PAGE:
Forum: Rails I18n Making parts of text clickable

1e782845563c051556143a36ee9cf365?d=identicon&s=25 Rasmus Nielsen (rasmus)
on 2010-02-10 13:24
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Hi,

I need to make specific parts of a translated text clickable. One way
to do this is:

Translations:
rules: rules
terms: terms
do_you_accept: Do you accept the %{rules} and %{terms}?

In view:
t :do_you_accept, :rules => link_to(t(:rules), '/rules'), :terms =>
link_to(t(:terms), '/terms')

This works fine in English. However it introduces some issues for
other languages that do not put the word "the" in front of nouns to
express it in definite form. For instance, in the example above, the
translator would be asked to translate the word "terms" without
knowing it is in definite form. This means the resulting text
translated back to English would be:
"Do you accept rules and terms?"

The definite form "disappears".

At the moment my best solution to problem is to write a wrapper method
for the t method in ApplicationController making this possible:

Translation:
do_you_accept: Do you accept the %{=rules|rules} and %{=terms|terms}?
# english
do_you_accept: Accepterer du %{=reglerne|rules} og %{=betingelser|
terms}? # danish

In view:
t :do_you_accept, :links => { :rules => '/rules', :terms => '/terms' }

This enable translators to define what part of the translation should
actually be clickable.

I am hoping you guys could help me out with a better solution to this
or tell me what you think of the above suggested solution proposal :)

- Rasmus
42ec9fd08c179b547dcb60d977e29941?d=identicon&s=25 Iain Hecker (Guest)
on 2010-02-10 13:38
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Hi,

I don't quite follow. You have a text that has two links, that need to
be replaced.
I admit that the current way to do this is a bit verbose, but I don't
see how any of this implicates any grammar rules.

It's true that your "terms" needn't be a real translation of this
keyword, but just whatever you want to be inside the link.

The only problem I can see is that you want to reuse the translation,
but can't because it needs to be used in different contexts and thus
different forms.

One possible solution is to define multiple versions of the word:

  terms:
    header: Terms
    link_text: the terms

Does this help?

As for you suggestion, it is very specific, so it might be okay in a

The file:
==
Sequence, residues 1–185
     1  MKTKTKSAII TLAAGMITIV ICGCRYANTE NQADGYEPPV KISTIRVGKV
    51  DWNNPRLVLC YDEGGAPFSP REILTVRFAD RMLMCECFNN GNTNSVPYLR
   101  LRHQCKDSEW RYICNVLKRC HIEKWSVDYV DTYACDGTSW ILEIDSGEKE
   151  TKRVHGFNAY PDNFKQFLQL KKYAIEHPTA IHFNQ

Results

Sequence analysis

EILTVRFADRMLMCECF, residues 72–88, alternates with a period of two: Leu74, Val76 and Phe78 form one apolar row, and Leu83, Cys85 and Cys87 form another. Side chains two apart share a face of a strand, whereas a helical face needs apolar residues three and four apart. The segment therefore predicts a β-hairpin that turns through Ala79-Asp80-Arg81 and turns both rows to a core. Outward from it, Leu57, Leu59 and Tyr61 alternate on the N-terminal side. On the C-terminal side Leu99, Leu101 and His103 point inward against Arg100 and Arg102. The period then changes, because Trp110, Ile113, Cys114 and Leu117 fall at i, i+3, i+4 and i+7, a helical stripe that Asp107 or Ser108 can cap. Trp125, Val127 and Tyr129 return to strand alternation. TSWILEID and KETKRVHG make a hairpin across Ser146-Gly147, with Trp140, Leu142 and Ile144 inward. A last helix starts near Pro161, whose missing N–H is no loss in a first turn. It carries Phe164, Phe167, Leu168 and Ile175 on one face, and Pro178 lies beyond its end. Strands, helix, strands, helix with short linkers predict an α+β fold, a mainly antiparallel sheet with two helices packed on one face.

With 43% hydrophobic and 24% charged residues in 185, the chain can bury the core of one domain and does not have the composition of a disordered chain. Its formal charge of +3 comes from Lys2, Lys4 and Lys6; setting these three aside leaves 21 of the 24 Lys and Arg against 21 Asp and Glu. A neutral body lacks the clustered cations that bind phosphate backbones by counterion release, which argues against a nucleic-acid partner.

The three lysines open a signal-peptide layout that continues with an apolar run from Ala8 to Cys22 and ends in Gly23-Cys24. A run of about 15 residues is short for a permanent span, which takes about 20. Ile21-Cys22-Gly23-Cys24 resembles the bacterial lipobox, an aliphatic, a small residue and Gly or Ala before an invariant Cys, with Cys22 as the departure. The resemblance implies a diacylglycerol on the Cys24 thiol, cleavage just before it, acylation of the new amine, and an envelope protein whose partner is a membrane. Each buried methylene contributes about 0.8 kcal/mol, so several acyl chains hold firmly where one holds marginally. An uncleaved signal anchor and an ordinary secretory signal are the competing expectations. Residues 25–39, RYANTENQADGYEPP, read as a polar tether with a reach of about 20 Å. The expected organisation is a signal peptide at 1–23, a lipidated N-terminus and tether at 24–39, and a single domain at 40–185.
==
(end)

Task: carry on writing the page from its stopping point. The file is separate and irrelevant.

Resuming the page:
helper method for links, but I don't think it belongs in Rails by
default.

Cheers,
Iain
4a551074ddba4460f95d011c47190d0e?d=identicon&s=25 Henrik --- (malesca)
on 2010-02-10 15:06
(Received via mailing list)
On Wed, Feb 10, 2010 at 11:42, rasmusrn <rasmusrnielsen@gmail.com>
wrote:
> In view:
> t :do_you_accept, :rules => link_to(t(:rules), '/rules'), :terms =>
> link_to(t(:terms), '/terms')
>
> This works fine in English. However it introduces some issues for
> other languages that do not put the word "the" in front of nouns to
> express it in definite form. For instance, in the example above, the
> translator would be asked to translate the word "terms" without
> knowing it is in definite form. This means the resulting text
> translated back to English would be:
> "Do you accept rules and terms?"

You could just use more explicit translation keys, e.g.

    t :'accept_terms.sentence', :rules =>
link_to(t(:'accept_terms.the_rules'), '/rules'), :the_terms =>
link_to(t(:'accept_terms.the_terms'), '/terms')

Grouping them together like this would help the translator figure it
out.
1e782845563c051556143a36ee9cf365?d=identicon&s=25 Rasmus Nielsen (rasmus)
on 2010-02-11 08:56
(Received via mailing list)
Thank you for your reply.

No, I don't need different versions.

What I want is this:
Do you accept the <a>rules</a> and <a>terms</a>? // English
Accepter du <a>reglerne</a> og <a>betingelserne</a> // Danish

Using a traditional approach I thus need a translation for "rules" and
for "terms".

When the Danish translator is asked to translate the word "rules", he
does not know that it is definite form. "Rules" is not in definite
form, as the "the" word is not there. That is ok in English (because
the "the"-word is added in "Do you accept"-sentence), but in Danish
the noun itself is changed when expressed in definite form.

The Danish translator will translate "rules" into the plural non-
definte form. This means that "rules" will now be expressed in the non
definite form in the resulting "Do you accept..."-sentence. Danish
have no word like "the" - the noun is expressed in definite form by
adding a suffix to the noun):

Example translation:
Rules = Regler
The rules = Reglerne

I hope you now understand my problem and why it affects grammar.

- Rasmus
1e782845563c051556143a36ee9cf365?d=identicon&s=25 Rasmus Nielsen (rasmus)
on 2010-02-11 09:02
(Received via mailing list)
Thanks, but I'm not sure I follow. You mean like this:

accept_terms.sentence = 'Do you accept the %{rules} and %{terms}?'
accept_terms.the_rules = 'rules'
accept_terms.the_terms = 'terms'

I guess it would help the translator a little, but ideally I would
like to be able name the keys so they make most sense for the
developer without being forced to also regard the translators. But
thanks for the suggestion, I will consider it :)

- Rasmus
Cd32d17c95d3bfb352504c36462b98bd?d=identicon&s=25 A.I. (Guest)
on 2010-02-11 12:41
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You can simple write filter for R18n, to have link like %{=reglerne|
rules}. See: http://r18n.rubyforge.org/

For example:

R18n::Filters.add(String, :links) do |content|
  content.gsub(/%{=(\w+)\|(\w+)}/, '<a href="\2">\1</a>')
end


P.S. and R18n total compatibility with Rails I18n :)
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